Web Content Viewer

Actions

The Economic and Stock Market Terms You Should Know

Apr 03, 2020 5 min read David Rodeck

If you're not a professional investor, it can seem like financial news is in a completely different language. Investing, like any specialized field, has its own jargon. To help you understand what's going on and make more informed investment decisions, here’s a glossary of key financial terms.

 

 

Essential terms

Asset

An asset is a piece of property that has value and can potentially be sold to someone else for cash. You can own physical assets, like a house. You can also own financial assets, which are intangible but still can rise or fall in value.

Security

This broad term describes a financial asset that can be sold on an investment market. Stocks, bonds and derivatives are all examples of securities.

Portfolio

All your investments combined make up your portfolio. A portfolio can include a mix of stocks, bonds, cash and other investments.

 

Types of investments

Stocks

Stocks, aka equities, are shares of ownership in a “public” company. Companies sell stocks to investors to raise money. In exchange, investors become partial owners of the company and are entitled to a portion of its profits (sometimes paid in quarterly dividends). Depending on the type of shares they own, stockholders can also vote on certain company matters.

Bonds

These are loans you can make to a company, government or another institution for a set period in return for a stated rate of interest. At the end of the term, the bond issuer returns your “principal” (initial loan amount). But in the interim, bonds can be bought and sold on the “secondary” market. In general, the higher a bond’s interest rates, the lower its price (and vice versa). Interest rates can depend on a bond’s quality (the ability of the issuer to repay the loan) and the direction of rates set by the federal government.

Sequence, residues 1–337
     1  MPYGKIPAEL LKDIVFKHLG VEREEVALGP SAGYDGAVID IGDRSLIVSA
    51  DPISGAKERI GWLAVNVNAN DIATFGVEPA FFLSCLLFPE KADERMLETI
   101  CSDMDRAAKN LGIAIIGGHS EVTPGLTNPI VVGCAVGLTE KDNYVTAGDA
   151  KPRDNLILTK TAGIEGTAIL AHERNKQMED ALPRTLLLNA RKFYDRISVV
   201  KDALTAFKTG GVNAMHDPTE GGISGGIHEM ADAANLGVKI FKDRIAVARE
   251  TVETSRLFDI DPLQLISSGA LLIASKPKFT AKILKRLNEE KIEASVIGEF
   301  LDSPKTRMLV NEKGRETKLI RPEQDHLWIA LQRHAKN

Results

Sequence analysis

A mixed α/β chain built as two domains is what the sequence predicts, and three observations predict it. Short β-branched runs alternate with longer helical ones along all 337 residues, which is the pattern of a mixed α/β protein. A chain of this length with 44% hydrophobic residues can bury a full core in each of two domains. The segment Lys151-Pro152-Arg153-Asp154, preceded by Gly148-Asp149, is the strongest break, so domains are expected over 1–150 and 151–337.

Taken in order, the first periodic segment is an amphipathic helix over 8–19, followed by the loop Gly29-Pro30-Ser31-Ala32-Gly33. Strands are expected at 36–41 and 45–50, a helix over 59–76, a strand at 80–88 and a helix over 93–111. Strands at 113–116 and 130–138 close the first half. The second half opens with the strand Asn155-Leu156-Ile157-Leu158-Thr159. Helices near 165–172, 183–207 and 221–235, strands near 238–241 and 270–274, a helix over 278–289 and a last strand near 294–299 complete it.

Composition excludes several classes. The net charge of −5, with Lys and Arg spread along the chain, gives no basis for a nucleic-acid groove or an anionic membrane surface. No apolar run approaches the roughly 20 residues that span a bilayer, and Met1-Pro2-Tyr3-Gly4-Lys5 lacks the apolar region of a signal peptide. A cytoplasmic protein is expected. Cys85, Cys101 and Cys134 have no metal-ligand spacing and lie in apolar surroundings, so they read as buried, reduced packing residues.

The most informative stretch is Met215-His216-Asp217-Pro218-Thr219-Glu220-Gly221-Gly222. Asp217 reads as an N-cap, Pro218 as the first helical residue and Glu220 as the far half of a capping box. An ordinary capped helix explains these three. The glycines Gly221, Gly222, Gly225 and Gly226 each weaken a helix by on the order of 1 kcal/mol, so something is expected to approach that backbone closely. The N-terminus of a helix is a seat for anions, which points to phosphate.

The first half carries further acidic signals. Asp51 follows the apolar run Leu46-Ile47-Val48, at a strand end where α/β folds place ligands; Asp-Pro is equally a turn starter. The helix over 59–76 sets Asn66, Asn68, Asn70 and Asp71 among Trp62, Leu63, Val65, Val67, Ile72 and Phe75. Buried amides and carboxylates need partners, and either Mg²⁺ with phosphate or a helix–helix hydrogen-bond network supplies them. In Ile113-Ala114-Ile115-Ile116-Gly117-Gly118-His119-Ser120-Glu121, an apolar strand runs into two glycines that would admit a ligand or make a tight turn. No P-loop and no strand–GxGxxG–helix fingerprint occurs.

Derivatives

As the name suggests, these complicated investments are derived from other investments. They're contracts based on an “underlying” asset, like a stock or the price of oil. For example, a derivative contract may require one investor to sell oil to another investor at a set price over a specified period. Derivatives can earn potentially high returns — with high risk. In fact, a derivative called collateralized mortgage obligations (CMOs) was partly to blame for the housing market crash that fed the stock market crash of 2008.

Currency

Currency refers to the types of money issued by different countries. The values of different currencies rise and fall separately from each other, so “exchange rates” between currencies (for example, the value of U.S. dollars vs. Japanese yen or Mexican pesos) fluctuates daily. You can invest in currencies you believe will gain in value versus other currencies. These investments are typically made using a derivative contract.

Mutual funds